We show you our most important and recent visitors news details How Israel jails hundreds of Palestinians without charge in the following article
Hind Al Soulia - Riyadh - RAMALLAH — In a family home in Bethlehem, in the occupied West Bank, Yazen Alhasnat was sitting next to his mother rubbing sleep from his eyes.
The 17-year-old had been released from prison the night before, nearly five months after being arrested in a 4am Israeli military raid on the home.
Yazen had been held under "administrative detention" -- a longstanding security policy, inherited from the British, that allows the Israeli state to imprison people indefinitely without charge, and without presenting any evidence against them.
"They have a secret file," Yazen said. "They don't tell you what's in it."
He was back at home because he was among the 180 Palestinian children and women released from prison by Israel in the recent exchange for hostages held by Hamas in Gaza.
But at the same time the Palestinian prisoners were being released, Israel was detaining people at its highest rate in years. In the weeks since 7 October, the number of people in administrative detention -- already at a 30-year high of 1,300 -- has shot up to more than 2,800.
When Yazen was released, his family was told not to publicly celebrate in any way or to talk to the media. The same instructions were given to the families of two other teenagers who spoke to the BBC about their experiences. But all three families said they wanted to highlight the issue of administrative detention.
Israel says that its use of the policy is compliant with international law and a necessary preventative measure to combat terrorism. Maurice Hirsch, a former director of military prosecutions for the West Bank, from 2013 to 2016, told the BBC that Israel was "not only meeting international law but far surpassing it", by allowing detainees to appeal and ensuring that their detentions were reviewed every six months.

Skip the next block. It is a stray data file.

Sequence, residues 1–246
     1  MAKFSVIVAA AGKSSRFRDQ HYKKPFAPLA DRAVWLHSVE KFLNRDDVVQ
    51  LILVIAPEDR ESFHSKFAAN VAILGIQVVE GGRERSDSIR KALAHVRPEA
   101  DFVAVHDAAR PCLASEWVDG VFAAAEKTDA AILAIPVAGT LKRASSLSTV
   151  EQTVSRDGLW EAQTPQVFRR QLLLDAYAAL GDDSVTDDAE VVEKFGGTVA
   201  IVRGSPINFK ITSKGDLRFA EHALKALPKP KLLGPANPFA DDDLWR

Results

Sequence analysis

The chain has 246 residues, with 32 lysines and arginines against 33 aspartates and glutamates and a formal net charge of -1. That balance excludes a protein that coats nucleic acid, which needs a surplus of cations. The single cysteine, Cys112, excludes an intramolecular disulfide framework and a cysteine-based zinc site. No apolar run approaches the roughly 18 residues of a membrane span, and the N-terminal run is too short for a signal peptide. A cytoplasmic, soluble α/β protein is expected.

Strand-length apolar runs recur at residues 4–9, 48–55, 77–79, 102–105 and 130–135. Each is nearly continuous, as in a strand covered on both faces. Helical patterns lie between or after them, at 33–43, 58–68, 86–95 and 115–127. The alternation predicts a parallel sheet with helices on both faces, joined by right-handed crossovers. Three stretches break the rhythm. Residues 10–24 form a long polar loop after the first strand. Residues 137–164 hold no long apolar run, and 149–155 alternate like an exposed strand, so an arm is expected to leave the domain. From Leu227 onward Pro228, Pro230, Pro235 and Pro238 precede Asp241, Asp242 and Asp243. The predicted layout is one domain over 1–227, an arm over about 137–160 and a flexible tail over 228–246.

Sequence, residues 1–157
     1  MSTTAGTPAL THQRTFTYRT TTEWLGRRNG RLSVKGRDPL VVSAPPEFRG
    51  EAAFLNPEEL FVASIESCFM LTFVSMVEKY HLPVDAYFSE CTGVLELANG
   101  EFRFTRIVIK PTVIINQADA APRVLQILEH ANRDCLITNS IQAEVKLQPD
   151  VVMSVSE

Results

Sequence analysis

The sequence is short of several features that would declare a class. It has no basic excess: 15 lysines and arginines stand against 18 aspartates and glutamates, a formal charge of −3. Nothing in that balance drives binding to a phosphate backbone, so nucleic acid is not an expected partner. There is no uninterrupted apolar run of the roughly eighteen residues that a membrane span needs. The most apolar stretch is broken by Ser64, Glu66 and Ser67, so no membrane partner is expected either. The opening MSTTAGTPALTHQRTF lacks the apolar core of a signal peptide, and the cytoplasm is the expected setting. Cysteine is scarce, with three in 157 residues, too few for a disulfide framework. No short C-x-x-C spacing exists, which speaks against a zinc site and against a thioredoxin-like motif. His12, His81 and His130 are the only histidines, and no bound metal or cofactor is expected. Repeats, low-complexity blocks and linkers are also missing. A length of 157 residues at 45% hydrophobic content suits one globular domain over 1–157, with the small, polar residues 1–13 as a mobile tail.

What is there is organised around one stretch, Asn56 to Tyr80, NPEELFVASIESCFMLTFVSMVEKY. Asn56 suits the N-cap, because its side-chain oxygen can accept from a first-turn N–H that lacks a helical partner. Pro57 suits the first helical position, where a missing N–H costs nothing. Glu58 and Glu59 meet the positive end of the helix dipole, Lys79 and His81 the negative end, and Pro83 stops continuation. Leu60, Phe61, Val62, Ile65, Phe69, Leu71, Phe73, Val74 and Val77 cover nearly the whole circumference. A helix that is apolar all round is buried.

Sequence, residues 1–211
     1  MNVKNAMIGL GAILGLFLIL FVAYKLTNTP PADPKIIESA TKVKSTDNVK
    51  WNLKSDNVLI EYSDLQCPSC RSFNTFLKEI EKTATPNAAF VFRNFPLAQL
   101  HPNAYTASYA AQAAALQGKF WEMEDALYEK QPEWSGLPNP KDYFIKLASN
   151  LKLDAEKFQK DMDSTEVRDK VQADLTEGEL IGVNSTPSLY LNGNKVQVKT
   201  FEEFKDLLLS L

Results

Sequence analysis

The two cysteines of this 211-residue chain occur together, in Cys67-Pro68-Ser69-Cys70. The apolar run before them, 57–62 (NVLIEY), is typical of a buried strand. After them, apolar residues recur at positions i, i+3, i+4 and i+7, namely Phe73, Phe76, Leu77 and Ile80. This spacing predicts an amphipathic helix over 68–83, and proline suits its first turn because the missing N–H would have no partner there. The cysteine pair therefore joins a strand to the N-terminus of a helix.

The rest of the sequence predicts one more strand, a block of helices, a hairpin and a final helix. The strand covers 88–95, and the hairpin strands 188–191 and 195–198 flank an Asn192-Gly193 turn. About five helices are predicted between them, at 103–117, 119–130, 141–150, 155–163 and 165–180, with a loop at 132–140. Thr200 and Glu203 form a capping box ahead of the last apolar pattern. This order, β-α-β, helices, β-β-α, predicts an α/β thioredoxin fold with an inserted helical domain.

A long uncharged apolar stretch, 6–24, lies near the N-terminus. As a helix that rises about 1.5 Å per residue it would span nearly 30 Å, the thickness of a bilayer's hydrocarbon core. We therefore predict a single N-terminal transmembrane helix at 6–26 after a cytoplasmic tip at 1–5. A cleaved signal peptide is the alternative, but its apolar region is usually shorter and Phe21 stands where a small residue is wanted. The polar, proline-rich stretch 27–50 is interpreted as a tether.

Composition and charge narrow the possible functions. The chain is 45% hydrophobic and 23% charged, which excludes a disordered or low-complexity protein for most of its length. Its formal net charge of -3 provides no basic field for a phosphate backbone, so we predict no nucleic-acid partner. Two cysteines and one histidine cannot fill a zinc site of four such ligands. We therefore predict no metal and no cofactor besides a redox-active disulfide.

But human rights groups say Israel's expansive use of the measure is an abuse of a security law not designed to be employed at such scale, and that detainees cannot effectively defend themselves, or appeal, because they have no access to the evidence against them.
"Under international law, administrative detention should be a rare exception," said Jessica Montell, the executive director of HaMoked, an Israeli human rights organisation that monitors detention of Palestinians.
"You are supposed to use it when there is a present danger and no other way to prevent that danger than detaining someone. But it is clear Israel is not using it that way. It is detaining hundreds, thousands of people, without charge, and using administrative detention to shield itself from scrutiny."
Palestinians have been subject to administrative detention in this region since 1945, first under the British Mandate and then in the Occupied Palestinian Territory. The law has in some very rare instances been used against Israeli settlers, but it is overwhelmingly used to detain West Bank Palestinians, including children.
Administrative detainees are granted a hearing - at a military court, in front of an Israeli military judge - but the state is not required to disclose any of its evidence to the detainees or their lawyers. The detainees can then be sentenced to up to six months. But the six months can be extended indefinitely by the military court, meaning that administrative detainees have no real idea at any point how long they are going to be locked up.
"What really gets to you is the uncertainty," Yazen said, sitting in his living room. "Will you finish your six months and leave? Or will you be extended for a year, for two years?"
The detainees can mount an appeal, all the way up to Israel's Supreme Court, but with no access to the evidence against them, they have nothing to base it on. Palestinians who are formally tried in the military courts have more access to evidence, but the courts boast a roughly 99% conviction rate.
"Defending Palestinians in the military courts is an almost impossible task," said Jerusalem-based defence lawyer Maher Hanna.